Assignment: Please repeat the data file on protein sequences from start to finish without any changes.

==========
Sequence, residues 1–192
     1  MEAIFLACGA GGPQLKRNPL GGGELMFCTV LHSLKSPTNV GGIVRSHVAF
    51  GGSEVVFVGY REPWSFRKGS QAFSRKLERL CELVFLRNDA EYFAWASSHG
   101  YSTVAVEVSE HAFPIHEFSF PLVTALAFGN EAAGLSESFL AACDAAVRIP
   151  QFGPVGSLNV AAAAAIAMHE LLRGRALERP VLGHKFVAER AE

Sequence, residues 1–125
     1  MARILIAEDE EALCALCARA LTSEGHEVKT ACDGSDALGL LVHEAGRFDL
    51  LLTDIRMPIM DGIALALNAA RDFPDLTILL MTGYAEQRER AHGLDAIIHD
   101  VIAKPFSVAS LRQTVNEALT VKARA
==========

Sequence, residues 1–192
     1  MEAIFLACGA GGPQLKRNPL GGGELMFCTV LHSLKSPTNV GGIVRSHVAF
    51  GGSEVVFVGY REPWSFRKGS QAFSRKLERL CELVFLRNDA EYFAWASSHG
   101  YSTVAVEVSE HAFPIHEFSF PLVTALAFGN EAAGLSESFL AACDAAVRIP
   151  QFGPVGSLNV AAAAAIAMHE LLRGRALERP VLGHKFVAER AE

Sequence, residues 1–125
     1  MARILIAEDE EALCALCARA LTSEGHEVKT ACDGSDALGL LVHEAGRFDL
    51  LLTDIRMPIM DGIALALNAA RDFPDLTILL MTGYAEQRER AHGLDAIIHD
   101  VIAKPFSVAS LRQTVNEALT VKARA